Tripp said it wouldn’t be fair to discuss whether there are already percentage increases in mind. “I don’t think it’s fair to discuss that at this time from my perspective because that certainly is a commissioners’ decision to make as a body.”

Tripp said, “It’s my job to present suggestions on how to improve things, not so much just salaries but things in general.”

In 2015 the sheriff presented a three-year plan of how salaries could be adjusted. “They do have that and have been studying that. Basically it’s a three-year plan to improve salaries so it doesn’t cost all that much at the same time. It addresses the point of catching us up to where we’re not 25 percent behind other law enforcement agencies.”

Saving money

Bryant said the sheriff, Chief Deputy Scott Hall and Major Neil Aycock “have looked at and have really worked outside the box in trying to save the county money. They have used certain drug money for equipment, other supplies et cetera. To Wes’s credit we haven’t communicated like we’re supposed to in some instances but going forward we are going to communicate. He’s very specific about what he’s buying.”

Tripp said federal forfeiture money has a checks and balances system established. “That money is deposited in a county account and it’s earmarked federal forfeiture money. That money’s been used to save thousands and thousands of dollars to supplement my county budget.”

The forfeiture money has bought the sheriff’s office “much needed body cameras, it’s bought much needed tasers and we’ve even bought cars with this money. That is a very valuable resource we have. We have that based on the hard work of Captain Anzell Harris and the job his drug division is doing.”

The sheriff’s office in the near future is going to explore, with permission of the board, grants through the highway safety program “so we can look at bringing in other revenues,” Tripp said.

Bottom to top

Bryant expects the salary discussions to “really heat up” when the board convenes for its annual retreat in December. “There’s going to be some discussions prior to then, there may be some action prior to then.”

But the chairman expects, at least in his opinion, “We’ll be looking at mostly the lower end salaries. We’re going to be looking at starting pay for law enforcement as well as other employees in the county. What we’ve got to do in order to play catchup is we have to strategize with that and really look at the lower end people.”

Said Bryant: “I think we do very well in my opinion with what we’ve got to work with but as a county commissioner I’m not happy with him (Tripp) being the high sheriff in the county and his deputies next to him are the lowest paid. That’s not right and that’s got to be fixed.”

It’s not only the sheriff’s office which serves as training grounds for other agencies, the chairman said. “DSS (department of social services) and all those other people lose people, too. We have good employees. Our employees do a great job and we’ve got to reward them for what they do. We’ve got a lot of good fringe benefits but we’ve got to work on the salary. There’s no excuse for that.”

Tripp said his rallying cry has always been centered on starting pay. “We need to raise starting pay so that’s looking after the lower end. Never ever have I asked for Wes Tripp to get a raise. That’s some misconception out there, too. My argument has always been starting pay. Since I’ve been sheriff since 2013 I’ve said we need to raise starting pay.”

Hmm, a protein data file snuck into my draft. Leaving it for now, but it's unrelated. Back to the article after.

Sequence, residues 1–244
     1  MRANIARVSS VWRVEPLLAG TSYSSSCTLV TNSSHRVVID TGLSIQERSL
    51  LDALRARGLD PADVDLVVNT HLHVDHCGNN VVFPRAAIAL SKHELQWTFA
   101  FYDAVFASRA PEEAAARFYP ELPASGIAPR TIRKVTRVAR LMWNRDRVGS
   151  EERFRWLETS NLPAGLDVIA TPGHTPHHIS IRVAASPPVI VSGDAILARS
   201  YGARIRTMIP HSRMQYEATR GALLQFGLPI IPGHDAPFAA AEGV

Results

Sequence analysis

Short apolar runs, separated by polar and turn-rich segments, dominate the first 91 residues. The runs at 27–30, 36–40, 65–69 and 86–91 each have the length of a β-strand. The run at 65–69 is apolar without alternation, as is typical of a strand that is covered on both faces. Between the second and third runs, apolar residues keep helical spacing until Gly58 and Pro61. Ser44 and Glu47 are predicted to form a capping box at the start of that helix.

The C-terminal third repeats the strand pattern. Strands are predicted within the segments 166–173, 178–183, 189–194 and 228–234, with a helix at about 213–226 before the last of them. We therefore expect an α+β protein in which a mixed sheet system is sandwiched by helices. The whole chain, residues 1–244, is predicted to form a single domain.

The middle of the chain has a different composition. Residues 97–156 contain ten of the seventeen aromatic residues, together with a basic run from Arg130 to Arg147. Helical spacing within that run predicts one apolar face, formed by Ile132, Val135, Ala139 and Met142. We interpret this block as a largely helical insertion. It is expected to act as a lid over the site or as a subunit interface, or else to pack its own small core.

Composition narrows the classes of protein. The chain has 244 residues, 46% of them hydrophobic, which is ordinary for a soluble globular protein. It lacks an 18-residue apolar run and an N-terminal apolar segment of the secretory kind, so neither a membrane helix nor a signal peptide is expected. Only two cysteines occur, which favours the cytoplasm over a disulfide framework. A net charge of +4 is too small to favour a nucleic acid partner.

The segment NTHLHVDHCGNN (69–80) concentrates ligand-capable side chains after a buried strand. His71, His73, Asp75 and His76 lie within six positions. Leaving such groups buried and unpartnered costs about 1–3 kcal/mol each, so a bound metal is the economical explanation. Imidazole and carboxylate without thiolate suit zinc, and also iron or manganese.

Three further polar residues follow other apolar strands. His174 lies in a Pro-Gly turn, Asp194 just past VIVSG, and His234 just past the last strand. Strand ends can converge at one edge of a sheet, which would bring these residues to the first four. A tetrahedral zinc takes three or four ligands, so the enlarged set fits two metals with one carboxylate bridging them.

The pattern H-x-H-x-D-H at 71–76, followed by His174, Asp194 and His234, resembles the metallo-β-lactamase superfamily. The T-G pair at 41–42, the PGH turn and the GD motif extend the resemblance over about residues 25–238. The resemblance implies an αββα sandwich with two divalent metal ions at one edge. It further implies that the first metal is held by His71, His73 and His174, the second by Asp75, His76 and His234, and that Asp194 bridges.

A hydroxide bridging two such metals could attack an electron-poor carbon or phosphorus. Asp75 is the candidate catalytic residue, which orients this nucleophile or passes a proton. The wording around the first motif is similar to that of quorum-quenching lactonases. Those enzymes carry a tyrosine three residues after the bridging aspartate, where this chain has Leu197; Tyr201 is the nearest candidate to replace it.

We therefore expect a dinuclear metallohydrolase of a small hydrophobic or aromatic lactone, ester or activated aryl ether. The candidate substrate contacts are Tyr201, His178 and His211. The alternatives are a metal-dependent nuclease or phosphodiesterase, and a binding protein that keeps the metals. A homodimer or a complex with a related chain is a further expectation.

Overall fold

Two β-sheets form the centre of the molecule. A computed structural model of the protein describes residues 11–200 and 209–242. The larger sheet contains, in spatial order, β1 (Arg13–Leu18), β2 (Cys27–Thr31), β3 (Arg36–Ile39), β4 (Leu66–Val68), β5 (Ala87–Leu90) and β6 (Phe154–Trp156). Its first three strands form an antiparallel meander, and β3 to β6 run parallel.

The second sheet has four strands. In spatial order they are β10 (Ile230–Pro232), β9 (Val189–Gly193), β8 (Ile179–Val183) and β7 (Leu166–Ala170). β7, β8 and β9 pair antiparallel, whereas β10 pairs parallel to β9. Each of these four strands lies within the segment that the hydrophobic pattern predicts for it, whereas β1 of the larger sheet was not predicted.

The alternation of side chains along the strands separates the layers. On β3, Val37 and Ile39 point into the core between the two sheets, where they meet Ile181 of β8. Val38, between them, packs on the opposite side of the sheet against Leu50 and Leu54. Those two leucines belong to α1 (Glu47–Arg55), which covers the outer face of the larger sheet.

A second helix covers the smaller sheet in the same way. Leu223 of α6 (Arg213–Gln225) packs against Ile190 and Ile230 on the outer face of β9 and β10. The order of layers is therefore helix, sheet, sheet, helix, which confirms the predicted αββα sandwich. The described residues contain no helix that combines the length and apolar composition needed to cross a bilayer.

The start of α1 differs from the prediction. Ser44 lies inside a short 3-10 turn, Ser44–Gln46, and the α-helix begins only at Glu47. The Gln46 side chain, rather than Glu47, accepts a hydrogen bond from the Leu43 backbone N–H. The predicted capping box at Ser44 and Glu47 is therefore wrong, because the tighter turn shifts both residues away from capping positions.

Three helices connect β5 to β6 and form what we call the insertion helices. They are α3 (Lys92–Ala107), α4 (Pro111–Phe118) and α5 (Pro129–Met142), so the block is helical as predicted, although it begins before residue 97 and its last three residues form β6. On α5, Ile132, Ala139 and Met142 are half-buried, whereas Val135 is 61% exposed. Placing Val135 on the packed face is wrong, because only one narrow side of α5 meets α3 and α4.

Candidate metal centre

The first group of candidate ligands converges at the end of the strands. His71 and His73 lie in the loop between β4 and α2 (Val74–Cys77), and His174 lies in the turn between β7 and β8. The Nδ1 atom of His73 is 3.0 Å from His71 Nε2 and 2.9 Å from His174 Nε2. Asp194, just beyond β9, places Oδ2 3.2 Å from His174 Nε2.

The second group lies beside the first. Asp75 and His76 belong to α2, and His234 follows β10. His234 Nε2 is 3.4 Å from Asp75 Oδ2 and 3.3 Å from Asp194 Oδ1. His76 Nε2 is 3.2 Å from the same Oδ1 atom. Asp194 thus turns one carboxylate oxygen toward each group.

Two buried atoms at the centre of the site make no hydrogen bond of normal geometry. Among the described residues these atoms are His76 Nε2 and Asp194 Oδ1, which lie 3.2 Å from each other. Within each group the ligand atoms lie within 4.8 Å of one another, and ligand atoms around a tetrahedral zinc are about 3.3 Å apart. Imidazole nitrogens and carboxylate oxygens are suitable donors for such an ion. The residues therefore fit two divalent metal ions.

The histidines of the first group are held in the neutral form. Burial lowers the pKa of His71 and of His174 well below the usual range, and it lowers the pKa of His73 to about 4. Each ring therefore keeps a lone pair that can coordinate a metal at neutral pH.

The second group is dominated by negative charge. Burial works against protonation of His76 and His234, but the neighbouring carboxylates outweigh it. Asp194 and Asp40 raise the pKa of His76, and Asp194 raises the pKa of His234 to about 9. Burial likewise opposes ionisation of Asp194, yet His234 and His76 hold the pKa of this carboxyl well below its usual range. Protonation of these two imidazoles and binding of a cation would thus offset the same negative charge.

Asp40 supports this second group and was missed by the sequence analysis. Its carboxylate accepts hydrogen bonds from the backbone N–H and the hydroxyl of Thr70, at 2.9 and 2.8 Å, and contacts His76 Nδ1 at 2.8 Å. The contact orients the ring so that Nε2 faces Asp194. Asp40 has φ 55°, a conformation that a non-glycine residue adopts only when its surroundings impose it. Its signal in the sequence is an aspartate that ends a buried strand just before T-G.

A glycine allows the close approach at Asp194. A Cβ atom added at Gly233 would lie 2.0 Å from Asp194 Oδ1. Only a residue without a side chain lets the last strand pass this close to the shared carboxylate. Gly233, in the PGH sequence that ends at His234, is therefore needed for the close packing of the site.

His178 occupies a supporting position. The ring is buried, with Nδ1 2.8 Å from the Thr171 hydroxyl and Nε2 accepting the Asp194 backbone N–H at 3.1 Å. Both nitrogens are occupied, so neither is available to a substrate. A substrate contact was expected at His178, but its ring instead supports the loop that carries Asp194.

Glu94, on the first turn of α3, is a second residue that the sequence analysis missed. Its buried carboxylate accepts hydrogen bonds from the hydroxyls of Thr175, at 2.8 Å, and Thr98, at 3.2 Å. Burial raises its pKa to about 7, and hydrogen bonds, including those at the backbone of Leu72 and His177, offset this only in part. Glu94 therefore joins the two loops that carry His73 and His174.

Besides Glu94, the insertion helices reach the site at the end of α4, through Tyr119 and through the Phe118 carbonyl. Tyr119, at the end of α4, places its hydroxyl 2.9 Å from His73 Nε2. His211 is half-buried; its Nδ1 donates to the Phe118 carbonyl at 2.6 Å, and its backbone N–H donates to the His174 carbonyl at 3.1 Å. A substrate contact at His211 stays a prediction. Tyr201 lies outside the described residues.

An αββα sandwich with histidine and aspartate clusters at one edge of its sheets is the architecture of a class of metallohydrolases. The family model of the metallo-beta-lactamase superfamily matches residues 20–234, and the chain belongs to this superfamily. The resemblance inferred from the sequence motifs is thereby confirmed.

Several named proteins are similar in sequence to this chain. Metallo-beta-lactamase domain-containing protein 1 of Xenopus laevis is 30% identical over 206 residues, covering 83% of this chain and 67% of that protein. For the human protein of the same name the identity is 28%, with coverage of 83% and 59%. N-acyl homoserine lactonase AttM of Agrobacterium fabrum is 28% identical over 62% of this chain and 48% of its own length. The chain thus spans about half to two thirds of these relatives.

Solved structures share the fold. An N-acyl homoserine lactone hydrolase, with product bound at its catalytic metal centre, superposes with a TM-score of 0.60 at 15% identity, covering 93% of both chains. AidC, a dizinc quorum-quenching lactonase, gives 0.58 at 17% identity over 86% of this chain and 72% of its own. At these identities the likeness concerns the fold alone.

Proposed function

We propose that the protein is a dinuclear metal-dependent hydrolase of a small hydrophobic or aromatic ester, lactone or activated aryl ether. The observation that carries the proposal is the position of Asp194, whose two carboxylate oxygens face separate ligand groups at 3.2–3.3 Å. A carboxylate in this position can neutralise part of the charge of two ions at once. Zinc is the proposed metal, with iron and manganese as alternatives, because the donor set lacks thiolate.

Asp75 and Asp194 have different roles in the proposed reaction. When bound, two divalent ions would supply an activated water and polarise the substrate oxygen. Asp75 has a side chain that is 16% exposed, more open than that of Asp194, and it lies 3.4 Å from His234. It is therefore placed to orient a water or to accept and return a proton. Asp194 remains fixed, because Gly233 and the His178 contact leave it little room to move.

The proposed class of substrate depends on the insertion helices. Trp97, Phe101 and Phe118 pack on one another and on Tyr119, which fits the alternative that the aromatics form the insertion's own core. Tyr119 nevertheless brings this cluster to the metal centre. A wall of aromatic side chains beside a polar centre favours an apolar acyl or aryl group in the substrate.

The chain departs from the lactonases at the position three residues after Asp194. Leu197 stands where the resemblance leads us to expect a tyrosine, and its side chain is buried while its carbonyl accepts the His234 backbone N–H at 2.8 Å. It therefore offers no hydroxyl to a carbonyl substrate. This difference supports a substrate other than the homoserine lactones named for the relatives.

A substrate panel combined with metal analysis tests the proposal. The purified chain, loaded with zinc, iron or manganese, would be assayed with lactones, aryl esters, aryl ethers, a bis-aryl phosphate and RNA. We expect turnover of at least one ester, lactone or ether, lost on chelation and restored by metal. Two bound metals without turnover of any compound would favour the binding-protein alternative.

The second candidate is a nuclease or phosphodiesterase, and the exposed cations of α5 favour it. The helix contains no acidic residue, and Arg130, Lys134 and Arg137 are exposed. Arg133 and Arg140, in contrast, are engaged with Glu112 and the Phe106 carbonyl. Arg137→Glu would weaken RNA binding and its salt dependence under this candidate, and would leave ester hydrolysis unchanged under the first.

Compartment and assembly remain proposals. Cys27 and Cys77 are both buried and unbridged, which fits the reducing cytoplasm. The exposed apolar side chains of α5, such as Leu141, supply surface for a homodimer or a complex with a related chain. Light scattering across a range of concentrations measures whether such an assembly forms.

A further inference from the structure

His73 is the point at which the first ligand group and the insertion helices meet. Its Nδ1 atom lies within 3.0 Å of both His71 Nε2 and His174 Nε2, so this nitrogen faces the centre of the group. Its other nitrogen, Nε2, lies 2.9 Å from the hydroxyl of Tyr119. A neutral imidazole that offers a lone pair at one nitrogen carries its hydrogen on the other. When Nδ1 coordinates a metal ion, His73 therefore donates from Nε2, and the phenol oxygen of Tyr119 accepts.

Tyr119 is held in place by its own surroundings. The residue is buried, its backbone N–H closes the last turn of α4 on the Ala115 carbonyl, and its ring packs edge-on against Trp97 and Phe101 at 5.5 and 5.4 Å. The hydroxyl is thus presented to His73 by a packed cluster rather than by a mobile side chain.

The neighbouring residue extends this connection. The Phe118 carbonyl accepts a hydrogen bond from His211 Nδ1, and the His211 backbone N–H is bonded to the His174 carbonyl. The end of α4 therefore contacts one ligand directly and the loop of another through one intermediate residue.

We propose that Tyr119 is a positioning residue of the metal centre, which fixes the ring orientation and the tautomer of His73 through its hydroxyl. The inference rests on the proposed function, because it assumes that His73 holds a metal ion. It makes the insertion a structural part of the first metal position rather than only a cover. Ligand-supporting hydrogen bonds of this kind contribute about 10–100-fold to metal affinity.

Bryant said the starting pay issue is tied to recruitment and retention.”The number one thing is pay. We’ve got to look at pay. We’ve got just about everything right but the pay part.”

Tripp stressed his argument for better pay is for all county departments. “If you think about it, every county department deals with public safety in some way, fashion or form.”

That includes public utilities workers out at 3 in the morning fixing water mains; Tripp’s civilian staff answering phones; DSS “and the job they do providing assistance to our much needed county residents is public safety. That’s why I’ve been an advocate for all county employees.”

Juggling act

“The county is juggling a lot of balls,” Bryant said, including the jail issue.

He said Northampton County Sheriff Jack Smith looks out for the county when it comes to the cost of housing Halifax County inmates in Jackson. “They could really sock it to us but they don’t. We’ve got to think about the new jail. We’ve got to think about Weldon High School. We’re just in conversations about a lot of other things in the county but going forward the top priority is still going to be salaries for all employees.”

The county is looking at the possibility Odom Correctional Center outside Jackson may eventually close, Tripp said.

The county is checking into that information and seeing if it’s possible to enter into a regional agreement with Smith should the prison close, he said. “That would save our taxpayers that money on jail expansion.”

The county is looking at departments and seeing where excesses may be, Bryant said.

There have already been conversations with County Manager Tony Brown and Deputy County Manager Dia Denton on this. “There are things we are required to do and things we are not required to do such as outside agencies,” Bryant said. “We’ve got to take care of things that need to be taken care of. We’re looking at every program, we’re looking at every employee that works with the county and we’re looking at ways we can cut. I just believe we need to examine even closer than what we’ve done already. I know how managers and supervisors are territorial but as a manager and board of commissioners we’ve got to look at the whole picture and what’s best for the entire county.”

Tripp believes help for employees is coming. “There’s no doubt in my mind that moving forward I think all county employees will see some improvement. The most important thing about the meeting last night was lines of communication were opened and I feel with all my heart that they will stay open.”

Said Bryant: “I concur with that.”